By Dan Beaulieu
I have heard many people say that with our economy in turmoil that brining home nearly a million troops would be disastrous to our unemployment. That somehow having our troops overseas is economically beneficial, ignoring the obvious costliness of the war. This notion is derived from the negligence of the arguer only looking at one side of the process, that is, soldiers being turned loose on the labor market.
Take into consideration the hundreds of billions we spend on these wars per year. This money doesn’t come into existence from thin air; it’s taken from the tax payers. Now as long as the government does not intervene by trying to provide compensation for the soldiers through taxing the people, the taxpayers retain more wealth than previously. This means that the taxpayers have additional funds to spend on products, food and businesses. This creates demand and ultimately higher productivity, more workers are needed. This process, as history shows, is rather fast.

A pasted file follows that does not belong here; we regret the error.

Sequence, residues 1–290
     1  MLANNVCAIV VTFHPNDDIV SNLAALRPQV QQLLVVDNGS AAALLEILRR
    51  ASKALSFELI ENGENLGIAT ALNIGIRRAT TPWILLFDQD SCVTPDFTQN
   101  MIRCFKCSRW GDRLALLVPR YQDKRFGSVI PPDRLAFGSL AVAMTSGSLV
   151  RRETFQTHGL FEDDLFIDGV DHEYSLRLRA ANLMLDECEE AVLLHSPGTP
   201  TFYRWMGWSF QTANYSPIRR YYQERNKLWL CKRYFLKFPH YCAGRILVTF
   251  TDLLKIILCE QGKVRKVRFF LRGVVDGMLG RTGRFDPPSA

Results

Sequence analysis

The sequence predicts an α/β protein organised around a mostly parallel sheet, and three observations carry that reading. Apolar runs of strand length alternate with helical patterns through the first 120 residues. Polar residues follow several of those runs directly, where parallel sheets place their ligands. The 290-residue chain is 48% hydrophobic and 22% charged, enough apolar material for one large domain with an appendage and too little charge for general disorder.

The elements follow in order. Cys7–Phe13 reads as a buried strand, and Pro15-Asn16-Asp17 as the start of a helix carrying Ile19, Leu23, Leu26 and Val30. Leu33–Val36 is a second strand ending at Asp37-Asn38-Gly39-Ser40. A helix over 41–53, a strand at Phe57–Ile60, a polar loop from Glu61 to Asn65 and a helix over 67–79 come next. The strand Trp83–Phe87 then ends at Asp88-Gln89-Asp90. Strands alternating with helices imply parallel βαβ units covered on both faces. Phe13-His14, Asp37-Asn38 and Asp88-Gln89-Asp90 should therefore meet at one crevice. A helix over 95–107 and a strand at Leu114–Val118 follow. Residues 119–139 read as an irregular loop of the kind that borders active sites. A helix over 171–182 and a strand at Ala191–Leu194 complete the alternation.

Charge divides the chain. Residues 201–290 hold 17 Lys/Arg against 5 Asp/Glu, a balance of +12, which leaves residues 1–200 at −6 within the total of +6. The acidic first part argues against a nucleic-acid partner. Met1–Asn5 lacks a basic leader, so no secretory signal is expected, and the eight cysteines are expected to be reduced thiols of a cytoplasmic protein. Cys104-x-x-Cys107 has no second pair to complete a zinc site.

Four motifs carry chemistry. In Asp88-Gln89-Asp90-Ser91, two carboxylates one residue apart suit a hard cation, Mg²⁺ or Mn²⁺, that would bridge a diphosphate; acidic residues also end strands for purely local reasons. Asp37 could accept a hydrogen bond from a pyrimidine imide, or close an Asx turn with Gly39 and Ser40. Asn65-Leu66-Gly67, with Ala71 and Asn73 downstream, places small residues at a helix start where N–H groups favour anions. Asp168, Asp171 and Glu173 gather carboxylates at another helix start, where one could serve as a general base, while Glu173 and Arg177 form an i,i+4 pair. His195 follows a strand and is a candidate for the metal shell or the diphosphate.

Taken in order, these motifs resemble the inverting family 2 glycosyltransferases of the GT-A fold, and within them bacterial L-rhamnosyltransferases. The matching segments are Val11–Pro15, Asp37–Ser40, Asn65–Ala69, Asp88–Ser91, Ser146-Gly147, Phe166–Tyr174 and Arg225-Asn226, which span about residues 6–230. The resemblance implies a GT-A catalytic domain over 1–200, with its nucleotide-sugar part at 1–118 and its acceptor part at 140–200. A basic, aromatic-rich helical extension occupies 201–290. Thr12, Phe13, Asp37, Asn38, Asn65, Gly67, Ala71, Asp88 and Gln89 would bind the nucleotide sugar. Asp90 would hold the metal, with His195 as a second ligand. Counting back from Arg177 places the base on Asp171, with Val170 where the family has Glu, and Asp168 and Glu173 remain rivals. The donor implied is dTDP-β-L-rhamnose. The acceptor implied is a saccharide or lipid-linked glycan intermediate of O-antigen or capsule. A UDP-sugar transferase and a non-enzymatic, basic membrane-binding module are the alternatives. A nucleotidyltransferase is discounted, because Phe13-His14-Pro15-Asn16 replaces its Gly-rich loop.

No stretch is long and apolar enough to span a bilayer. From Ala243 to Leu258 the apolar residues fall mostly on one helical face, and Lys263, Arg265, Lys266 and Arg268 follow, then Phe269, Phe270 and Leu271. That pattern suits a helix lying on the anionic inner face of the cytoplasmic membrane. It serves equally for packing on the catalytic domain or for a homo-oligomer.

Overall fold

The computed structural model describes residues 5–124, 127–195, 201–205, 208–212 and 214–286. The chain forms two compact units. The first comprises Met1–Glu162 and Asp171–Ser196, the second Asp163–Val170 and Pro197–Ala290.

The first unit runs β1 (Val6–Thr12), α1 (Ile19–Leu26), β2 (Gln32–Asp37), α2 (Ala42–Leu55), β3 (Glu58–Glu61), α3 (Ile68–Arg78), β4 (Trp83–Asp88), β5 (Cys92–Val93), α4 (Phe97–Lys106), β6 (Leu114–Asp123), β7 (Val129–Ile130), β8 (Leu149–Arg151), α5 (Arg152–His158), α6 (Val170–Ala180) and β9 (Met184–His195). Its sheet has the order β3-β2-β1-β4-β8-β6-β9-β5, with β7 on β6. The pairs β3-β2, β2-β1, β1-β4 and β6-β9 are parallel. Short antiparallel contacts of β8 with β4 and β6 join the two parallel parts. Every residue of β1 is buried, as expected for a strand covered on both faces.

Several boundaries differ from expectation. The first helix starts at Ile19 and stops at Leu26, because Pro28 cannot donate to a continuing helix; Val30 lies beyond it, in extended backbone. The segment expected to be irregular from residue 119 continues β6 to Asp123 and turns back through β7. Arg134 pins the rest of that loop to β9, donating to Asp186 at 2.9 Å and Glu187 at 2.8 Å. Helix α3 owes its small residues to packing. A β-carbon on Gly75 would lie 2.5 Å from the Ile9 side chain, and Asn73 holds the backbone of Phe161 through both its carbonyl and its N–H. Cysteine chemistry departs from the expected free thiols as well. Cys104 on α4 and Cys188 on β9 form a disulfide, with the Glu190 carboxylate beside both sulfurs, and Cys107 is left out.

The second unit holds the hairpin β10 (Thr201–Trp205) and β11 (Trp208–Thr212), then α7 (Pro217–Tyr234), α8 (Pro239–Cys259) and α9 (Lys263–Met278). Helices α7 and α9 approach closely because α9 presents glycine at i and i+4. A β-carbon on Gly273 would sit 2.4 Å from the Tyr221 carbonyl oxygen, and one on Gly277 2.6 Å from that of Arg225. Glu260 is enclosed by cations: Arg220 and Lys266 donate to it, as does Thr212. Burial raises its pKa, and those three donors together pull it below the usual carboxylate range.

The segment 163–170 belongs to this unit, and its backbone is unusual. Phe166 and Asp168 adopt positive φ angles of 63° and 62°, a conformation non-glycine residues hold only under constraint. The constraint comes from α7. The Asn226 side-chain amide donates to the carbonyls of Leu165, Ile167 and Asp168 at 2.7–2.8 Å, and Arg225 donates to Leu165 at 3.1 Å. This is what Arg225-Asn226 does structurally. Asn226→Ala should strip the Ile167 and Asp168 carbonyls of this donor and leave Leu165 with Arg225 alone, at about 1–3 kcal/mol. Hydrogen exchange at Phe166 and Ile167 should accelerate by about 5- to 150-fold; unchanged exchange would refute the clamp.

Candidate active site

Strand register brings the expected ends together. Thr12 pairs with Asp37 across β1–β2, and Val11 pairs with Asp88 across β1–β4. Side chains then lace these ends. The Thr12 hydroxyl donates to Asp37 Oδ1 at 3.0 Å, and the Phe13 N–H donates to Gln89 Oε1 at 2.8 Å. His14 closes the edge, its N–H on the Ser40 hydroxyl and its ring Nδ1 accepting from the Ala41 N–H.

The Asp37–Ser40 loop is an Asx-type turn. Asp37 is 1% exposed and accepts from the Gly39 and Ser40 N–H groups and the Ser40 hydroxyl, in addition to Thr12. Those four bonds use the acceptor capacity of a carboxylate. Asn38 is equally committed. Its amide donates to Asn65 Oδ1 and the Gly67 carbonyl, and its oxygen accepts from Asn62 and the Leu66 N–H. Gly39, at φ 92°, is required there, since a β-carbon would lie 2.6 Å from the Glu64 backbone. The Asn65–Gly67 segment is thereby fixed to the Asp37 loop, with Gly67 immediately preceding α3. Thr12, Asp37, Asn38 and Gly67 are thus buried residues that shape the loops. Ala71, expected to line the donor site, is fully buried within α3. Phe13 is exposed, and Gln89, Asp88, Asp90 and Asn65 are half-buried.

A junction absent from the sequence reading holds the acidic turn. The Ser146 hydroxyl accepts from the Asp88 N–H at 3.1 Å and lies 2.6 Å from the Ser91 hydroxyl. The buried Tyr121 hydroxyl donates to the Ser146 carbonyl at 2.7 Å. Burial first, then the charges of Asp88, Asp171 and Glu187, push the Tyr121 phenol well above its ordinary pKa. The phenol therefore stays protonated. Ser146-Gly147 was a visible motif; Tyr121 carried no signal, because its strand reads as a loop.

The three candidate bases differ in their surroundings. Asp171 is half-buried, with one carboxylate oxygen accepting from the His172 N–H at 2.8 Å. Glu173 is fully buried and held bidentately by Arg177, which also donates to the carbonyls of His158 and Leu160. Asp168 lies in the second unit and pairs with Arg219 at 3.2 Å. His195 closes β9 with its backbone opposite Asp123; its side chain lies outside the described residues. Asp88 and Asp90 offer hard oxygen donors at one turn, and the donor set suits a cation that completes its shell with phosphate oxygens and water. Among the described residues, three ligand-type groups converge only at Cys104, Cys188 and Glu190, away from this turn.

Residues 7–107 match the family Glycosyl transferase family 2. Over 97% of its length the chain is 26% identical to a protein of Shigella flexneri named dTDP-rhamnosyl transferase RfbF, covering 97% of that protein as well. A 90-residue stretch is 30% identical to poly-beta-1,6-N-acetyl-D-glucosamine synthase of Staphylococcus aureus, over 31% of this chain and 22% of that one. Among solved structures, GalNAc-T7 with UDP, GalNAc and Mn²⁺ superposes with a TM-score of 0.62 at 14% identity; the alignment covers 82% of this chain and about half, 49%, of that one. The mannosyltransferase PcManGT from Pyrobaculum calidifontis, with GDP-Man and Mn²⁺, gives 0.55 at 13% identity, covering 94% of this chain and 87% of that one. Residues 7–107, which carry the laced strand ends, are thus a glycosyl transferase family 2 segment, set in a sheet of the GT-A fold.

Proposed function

Once demand puts the soldiers (now civilians) back to work, they not only become self-supporting they, with a steady paycheck, begin consuming more and the need for production rises further. Higher overall productive output results in increased national wealth. That said, we would be in a much better economic state after our troops come home.
This thought process is rudimentary economics and can be found in Henry Hazlitt's book titled, "Economics in one Lesson".